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Article
March 1987

Low Serum Cobalamin Levels in Primary Degenerative Dementia: Do Some Patients Harbor Atypical Cobalamin Deficiency States?

Author Affiliations

From the Departments of Neurology (Dr Karnaze) and Medicine (Dr Carmel), University of Southern California School of Medicine, and the Los Angeles County-University of Southern California Medical Center (Drs Karnaze and Carmel), Los Angeles.

Arch Intern Med. 1987;147(3):429-431. doi:10.1001/archinte.1987.00370030033007
Abstract

• Serum cobalamin (vitamin B12) levels were analyzed retrospectively in 17 patients with primary degenerative dementia and 11 with specific demonstrable causes of dementia (secondary dementia). The prevalence of low cobalamin levels was significantly increased in primary dementia (29% vs 0% in secondary dementia). Because typical findings of deficiency often seemed absent, we prospectively studied two other patients with primary dementia and low cobalamin levels. Neither of these two had megaloblastic anemia; one had a normal Schilling test while the other's was borderline. Despite this absence of the expected findings, the deoxyuridine suppression test gave biochemical evidence of cobalamin deficiency in both cases. Our survey of 28 patients thus established that low serum cobalamin levels are frequent in primary dementia. Our findings in the two prospectively studied cases (as well as in some of the patients in the survey) indicate that these levels are associated in at least some cases with an atypical deficiency state rather than with disorders such as pernicious anemia. Such atypical deficiency states cannot be identified by classic hematological criteria or by the Schilling test.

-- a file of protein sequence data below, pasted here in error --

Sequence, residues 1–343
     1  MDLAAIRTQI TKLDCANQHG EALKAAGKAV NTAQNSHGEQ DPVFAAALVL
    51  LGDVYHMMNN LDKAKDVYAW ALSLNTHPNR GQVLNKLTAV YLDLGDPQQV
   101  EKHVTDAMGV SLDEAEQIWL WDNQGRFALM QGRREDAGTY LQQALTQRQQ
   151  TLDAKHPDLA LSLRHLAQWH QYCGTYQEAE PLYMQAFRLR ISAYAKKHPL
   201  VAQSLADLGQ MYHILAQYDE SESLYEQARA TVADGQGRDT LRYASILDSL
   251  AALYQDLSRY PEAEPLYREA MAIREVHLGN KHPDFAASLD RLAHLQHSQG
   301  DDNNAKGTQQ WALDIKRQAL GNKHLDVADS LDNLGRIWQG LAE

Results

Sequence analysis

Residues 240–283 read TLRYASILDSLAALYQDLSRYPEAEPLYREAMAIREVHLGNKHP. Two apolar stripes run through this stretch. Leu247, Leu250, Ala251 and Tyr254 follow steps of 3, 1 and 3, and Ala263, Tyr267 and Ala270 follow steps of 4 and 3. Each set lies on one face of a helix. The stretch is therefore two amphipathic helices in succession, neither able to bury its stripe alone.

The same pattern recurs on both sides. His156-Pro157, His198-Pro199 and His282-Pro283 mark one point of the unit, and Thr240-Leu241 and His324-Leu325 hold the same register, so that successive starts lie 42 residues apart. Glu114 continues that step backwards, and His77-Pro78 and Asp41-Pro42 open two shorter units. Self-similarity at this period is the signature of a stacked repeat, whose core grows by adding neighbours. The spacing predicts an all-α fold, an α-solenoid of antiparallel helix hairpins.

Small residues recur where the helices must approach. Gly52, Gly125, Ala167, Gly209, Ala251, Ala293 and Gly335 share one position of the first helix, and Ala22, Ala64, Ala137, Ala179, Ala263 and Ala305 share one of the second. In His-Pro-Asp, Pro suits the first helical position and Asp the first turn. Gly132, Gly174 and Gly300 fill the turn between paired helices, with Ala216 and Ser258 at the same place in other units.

(Arch Intern Med 1987;147:429-431)

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